March 11, 2006


Filed under: Pressing Toward the Mark — Katryna Starks @ 12:10 am

I was perusing the CrossWalk website to search the Bible when I ran across this article about “Becoming a person worth marrying” in reference to the book by James R. Lucas. I hate articles like this with a passion because they are never founded on Biblical truth and frankly they make Christians look exactly like the self-rightous idiots that non-Christians think we are. First of all, God has NEVER established maturity guidelines for marriage. According to the Bible, humans can’t marry animals, people of the same gender, or siblings. Paul’s letters imply that Christians can’t marry non-Christians, but he wasn’t talking about marriage in that scripture and some may believe that to be up to interpretation (oddly enough, Paul was talking about business and working and many of us do that with non-Christians without batting an eyelash – but that’s for another day). Nowhere in the Bible does it say that one shouldn’t get married at all if one isn’t a Christian, that “baby Christians” aren’t ready for marriage, or that one must be “passionate about life” or devoted to God in any way in order to get married. Christians don’t have a monopoly on marriage, and, while it would be nice for people to reach a certain level of maturity before they marry, it’s not a sin to be married while immature. In fact, since God’s way of marriage is that we only do it once, regardless of how mature we are in other matters, marriage is supposed to be something we are novices at and have to learn how to do while we’re in it. How prepared do you have to be if you have to go though “on-the-job” training anyway?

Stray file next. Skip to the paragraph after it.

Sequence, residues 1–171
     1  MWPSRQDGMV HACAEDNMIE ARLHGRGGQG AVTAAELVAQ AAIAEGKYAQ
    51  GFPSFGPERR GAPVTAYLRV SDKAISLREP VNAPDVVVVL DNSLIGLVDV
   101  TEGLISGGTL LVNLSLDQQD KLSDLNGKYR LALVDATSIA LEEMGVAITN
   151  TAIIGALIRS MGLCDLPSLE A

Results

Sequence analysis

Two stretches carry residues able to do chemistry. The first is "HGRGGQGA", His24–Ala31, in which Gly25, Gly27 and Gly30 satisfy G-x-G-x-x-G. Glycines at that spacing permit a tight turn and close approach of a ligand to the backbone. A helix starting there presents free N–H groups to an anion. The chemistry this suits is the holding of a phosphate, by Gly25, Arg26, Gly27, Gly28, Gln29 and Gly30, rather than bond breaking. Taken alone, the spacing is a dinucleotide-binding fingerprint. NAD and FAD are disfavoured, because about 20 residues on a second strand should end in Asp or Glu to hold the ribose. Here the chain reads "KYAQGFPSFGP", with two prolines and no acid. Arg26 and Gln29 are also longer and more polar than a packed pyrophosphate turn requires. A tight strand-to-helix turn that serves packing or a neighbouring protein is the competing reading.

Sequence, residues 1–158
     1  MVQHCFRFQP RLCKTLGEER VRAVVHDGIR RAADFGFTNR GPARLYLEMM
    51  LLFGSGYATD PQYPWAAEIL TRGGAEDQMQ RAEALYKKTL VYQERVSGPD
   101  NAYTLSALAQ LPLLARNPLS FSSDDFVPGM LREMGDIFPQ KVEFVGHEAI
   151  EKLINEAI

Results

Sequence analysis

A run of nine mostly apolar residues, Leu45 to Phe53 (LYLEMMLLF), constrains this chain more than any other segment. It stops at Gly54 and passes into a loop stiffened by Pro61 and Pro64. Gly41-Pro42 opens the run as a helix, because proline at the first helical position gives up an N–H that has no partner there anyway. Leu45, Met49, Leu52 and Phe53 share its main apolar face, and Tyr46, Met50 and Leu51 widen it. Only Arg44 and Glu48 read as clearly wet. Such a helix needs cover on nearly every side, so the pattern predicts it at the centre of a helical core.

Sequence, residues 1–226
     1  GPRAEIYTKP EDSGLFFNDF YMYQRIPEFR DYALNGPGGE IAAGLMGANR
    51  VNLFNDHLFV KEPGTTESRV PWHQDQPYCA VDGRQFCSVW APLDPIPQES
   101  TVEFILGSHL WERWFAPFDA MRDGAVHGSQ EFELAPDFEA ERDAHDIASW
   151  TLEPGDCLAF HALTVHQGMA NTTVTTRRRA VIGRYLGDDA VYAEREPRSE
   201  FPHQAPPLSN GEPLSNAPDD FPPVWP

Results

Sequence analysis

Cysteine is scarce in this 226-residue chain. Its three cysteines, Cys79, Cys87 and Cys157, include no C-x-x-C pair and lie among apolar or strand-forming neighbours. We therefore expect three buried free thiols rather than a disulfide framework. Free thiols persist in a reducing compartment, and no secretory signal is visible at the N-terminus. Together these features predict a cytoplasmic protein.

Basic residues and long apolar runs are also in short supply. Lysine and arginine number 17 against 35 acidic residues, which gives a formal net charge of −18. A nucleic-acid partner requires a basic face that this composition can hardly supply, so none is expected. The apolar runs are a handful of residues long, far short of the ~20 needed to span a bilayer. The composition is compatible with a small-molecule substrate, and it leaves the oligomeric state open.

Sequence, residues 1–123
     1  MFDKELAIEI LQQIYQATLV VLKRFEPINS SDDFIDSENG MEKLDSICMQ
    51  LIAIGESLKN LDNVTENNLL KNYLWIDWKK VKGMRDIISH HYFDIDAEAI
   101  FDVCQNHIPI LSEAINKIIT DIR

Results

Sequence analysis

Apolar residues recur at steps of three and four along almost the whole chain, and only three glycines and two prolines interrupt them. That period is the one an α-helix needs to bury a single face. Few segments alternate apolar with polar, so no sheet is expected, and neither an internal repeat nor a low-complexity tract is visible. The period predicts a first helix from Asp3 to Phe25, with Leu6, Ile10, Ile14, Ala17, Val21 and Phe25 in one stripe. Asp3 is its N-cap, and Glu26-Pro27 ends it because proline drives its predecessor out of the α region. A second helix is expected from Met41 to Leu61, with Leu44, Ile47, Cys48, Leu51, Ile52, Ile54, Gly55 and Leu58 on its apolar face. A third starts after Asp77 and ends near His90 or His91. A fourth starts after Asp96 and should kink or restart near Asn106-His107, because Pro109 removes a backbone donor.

My personal view is that Christians are making an idol out of marriage. According to Christians, salvation is easy, but marriage? Not in the least. You have to be uber-prepared, and perfect, and mature, and know your Bible, and be second in blamelessness only to Christ himself – and then you can get married. Look, people, God made childbearing years. In women, they start in the teens (it’s called puberty, and it – not sin – is why people want to have sex – for those of you who haven’t figured that out – but again, that’s a rant for another day). Anyway, what I was saying was that God made childbearing years start relatively young in women, and if God made childbearing years and puberty happen at such young ages, I think it’s clear that he intended marriage to start near those ages as well. I’m not saying we should marry off a bunch of 13 year olds, but I’m also pointing out that God didn’t mean for everyone to wait until we were in our mid-30’s either. And, since there isn’t much maturity at those ages, obviously God doesn’ have the same maturity standards for marriage that we humans have made up.